Marriage. A couple intending to marry must be from different clan groups, and they must seek approval of their respective district councillors. Most marriages take place in church though today there are a few common-law marriages. Divorce is uncommon, but separation is more frequent, especially for Catholic couples. The birth of a child must be registered if the child is to receive the rights of being Nauruan, even if the birth takes place outside of Nauru.
Domestic Unit. The family unit consists of a wide group of relatives on both the father's and mother's side. Adoption is relatively common, especially by a Nauruan who has no children of his or her own. If accepted by the community, an adopted relative receives the same rights to land and residence as does a blood relative. A Nauruan household is likely to comprise an older couple with one or more married children and grandchildren, for an average size of eight persons per household.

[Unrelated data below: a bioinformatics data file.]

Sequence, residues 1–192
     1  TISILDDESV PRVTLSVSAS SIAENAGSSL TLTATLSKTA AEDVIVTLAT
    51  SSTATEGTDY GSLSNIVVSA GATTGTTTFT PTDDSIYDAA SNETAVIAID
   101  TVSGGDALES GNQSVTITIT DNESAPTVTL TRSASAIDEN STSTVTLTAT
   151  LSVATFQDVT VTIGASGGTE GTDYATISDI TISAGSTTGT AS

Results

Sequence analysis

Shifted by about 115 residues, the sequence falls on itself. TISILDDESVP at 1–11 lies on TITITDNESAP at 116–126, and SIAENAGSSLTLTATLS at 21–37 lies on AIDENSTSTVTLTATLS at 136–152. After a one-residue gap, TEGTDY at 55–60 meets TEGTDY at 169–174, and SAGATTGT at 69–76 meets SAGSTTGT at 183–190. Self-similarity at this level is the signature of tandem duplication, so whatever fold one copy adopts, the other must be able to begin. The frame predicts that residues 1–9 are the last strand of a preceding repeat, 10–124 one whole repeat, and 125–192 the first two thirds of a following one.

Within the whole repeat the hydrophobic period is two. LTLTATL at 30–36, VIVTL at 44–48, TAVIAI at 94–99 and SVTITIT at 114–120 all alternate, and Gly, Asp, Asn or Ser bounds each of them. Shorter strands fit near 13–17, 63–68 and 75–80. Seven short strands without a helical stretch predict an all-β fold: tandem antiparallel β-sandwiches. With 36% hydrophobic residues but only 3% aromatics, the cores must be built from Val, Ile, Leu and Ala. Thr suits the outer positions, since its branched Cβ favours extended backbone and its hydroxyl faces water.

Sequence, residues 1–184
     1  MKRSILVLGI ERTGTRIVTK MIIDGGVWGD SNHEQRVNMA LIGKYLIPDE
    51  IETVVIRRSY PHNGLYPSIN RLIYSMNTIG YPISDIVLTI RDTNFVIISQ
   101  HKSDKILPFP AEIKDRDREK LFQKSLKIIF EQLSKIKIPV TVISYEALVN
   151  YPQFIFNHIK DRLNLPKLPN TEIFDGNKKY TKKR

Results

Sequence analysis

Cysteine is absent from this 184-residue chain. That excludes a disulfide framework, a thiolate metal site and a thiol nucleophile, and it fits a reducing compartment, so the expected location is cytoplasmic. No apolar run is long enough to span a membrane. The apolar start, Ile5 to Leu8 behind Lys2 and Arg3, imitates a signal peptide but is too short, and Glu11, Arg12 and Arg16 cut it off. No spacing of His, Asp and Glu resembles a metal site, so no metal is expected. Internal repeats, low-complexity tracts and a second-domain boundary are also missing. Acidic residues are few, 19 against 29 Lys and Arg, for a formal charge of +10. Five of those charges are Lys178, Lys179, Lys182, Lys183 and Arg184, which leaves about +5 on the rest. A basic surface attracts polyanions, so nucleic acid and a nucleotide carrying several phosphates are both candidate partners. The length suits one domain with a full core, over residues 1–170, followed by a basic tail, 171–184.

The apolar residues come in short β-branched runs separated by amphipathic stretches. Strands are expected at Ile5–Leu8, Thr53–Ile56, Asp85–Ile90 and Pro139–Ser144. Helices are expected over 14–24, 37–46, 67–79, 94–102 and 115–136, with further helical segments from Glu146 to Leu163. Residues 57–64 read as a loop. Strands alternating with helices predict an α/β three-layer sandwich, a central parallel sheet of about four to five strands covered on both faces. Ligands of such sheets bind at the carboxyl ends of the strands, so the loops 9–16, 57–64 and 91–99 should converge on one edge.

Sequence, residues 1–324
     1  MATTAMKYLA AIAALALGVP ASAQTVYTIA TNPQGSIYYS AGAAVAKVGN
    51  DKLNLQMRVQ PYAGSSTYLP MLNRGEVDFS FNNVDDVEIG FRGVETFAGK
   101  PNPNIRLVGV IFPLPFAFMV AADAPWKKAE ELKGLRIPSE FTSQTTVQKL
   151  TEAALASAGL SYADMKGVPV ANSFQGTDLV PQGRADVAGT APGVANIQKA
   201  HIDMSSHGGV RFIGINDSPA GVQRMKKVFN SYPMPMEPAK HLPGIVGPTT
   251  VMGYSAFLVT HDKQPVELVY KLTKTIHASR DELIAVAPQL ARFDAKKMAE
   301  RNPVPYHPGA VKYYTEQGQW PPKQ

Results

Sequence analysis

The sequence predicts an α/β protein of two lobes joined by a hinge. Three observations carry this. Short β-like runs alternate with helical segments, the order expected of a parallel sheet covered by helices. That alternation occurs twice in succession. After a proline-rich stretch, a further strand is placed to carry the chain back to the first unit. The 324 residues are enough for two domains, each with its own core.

Inheritance. Rights to land, useful trees, goods, songs, dances, and all other possessions are passed on from parents to all children, both natural and adopted.
Socialization. Children are much loved and treated with care and affection by both parents and all members of the Domestic unit. Schooling is highly valued by parents, who may make financial sacrifices to send daughters and sons to secondary schools in Australia and New Zealand. Children are raised to think of themselves as Nauruans and to speak the Nauruan language.